Tony Hughes, Chief Product Officer, Civica: “The reality is that not doing everything you do today, tomorrow, is part of that answer. It’s not necessarily stopping the service completely, but it’s understanding how you can simplify some services or flip the model so that you can start charging for services. That eye towards income generation and being a provider to the public as well as a caretaker to citizens is an important part of the process.

“I believe digital technology can help simplify and automate processes. I believe business intelligence and AI are the gateway technologies to making the above happen, but many of the tough decisions are down to the service providers themselves. What is a relevant level of service?

“When you’re asking citizens about services, which is absolutely the right thing to do, you have to go about it the right way. Unless you find ways to engage every part of society, you risk introducing a bias because only those with time and/or digital skills will be heard. You need to think hard about engagement.”

Girish Solanki, Head of Digital Change, Leeds City Council: “I think there’s a cultural issue to address. The demand on IT is growing at a rate that’s difficult to manage. We’re looking to technical solutions to solve budget problems and while it undoubtedly helps, it’s not the solution if we don’t take the people with us, or we don’t look at how we deliver our services.

“I found out last week that we receive PDF invoices and paper invoices. We employ someone in a mail room to print off the PDFs and then scanning it in with a barcode on so it can be posted to our finance system. Nobody has any idea why we’re doing that! We just do it because it was done way back when. We have to uncover and understand processes like this that we can streamline without buying new technology, that will save us a resource. We, as leaders, need to challenge what we do in organisations. Asking why is a powerful question.”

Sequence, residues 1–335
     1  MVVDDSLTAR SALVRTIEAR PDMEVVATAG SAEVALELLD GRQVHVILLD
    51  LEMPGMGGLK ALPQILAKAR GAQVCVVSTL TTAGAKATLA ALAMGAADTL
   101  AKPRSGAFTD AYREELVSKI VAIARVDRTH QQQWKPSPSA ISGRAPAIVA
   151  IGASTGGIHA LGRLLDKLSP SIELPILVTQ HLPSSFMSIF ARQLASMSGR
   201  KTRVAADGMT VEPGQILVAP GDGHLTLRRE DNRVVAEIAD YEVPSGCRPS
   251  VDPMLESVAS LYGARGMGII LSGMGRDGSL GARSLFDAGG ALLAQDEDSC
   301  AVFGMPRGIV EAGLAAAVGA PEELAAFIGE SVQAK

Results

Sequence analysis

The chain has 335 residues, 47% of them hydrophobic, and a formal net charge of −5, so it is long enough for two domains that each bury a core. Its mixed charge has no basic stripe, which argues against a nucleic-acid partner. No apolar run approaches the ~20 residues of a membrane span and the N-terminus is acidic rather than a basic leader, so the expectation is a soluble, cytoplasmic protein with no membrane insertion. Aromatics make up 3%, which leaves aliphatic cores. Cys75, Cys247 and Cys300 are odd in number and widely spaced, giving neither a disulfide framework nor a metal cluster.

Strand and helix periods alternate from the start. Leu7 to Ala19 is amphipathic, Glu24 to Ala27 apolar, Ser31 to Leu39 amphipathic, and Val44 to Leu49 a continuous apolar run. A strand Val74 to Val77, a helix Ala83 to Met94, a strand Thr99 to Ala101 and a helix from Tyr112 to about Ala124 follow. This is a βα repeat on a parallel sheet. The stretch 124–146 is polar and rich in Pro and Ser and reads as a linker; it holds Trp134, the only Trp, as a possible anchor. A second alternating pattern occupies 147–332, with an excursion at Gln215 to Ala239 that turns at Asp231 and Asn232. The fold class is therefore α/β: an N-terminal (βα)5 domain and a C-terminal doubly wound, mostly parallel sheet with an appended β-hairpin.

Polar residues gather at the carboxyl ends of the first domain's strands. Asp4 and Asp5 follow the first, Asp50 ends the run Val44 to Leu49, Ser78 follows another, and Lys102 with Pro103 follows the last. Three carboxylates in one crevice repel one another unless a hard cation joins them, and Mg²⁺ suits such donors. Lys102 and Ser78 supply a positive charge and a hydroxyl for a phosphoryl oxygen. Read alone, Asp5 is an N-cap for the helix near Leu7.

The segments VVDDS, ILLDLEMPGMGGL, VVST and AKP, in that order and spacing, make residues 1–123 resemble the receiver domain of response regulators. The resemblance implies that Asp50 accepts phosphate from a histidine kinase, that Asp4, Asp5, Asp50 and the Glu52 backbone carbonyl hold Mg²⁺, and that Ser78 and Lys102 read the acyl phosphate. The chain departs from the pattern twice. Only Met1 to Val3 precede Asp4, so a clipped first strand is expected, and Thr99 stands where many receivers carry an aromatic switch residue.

Rob Whiteman, CEO, Chartered Institute of Public Finance and Accountancy (CIPFA): “One of the great happiness’s of my career is that I’ve seen some incredible innovation and examples of people working together across silos to pull together new services on multi-organisational basis. One of the great sadness’s is that when I go back five years later it’s not there anymore because people have changed.

“What I’ve realised over the years is that leaders in our field need to create partnering organisations where the whole organisation acts and thinks in a collaborative way, rather than just from project to project. I think it’s harder to work in collaboration than ever before because budget cuts lend to us feeling a little bit hurt and a little bit mistrustful. It also leads to us dealing with internal pressures more, rather than looking outward.

“As leaders, we have to speak well of other organisations. Otherwise, if all we do is criticise, we’re leading our people down a path of mistrust. We have to be the advocate for health, housing and police within our organisations, otherwise leaders become the biggest impediment to collaboration.”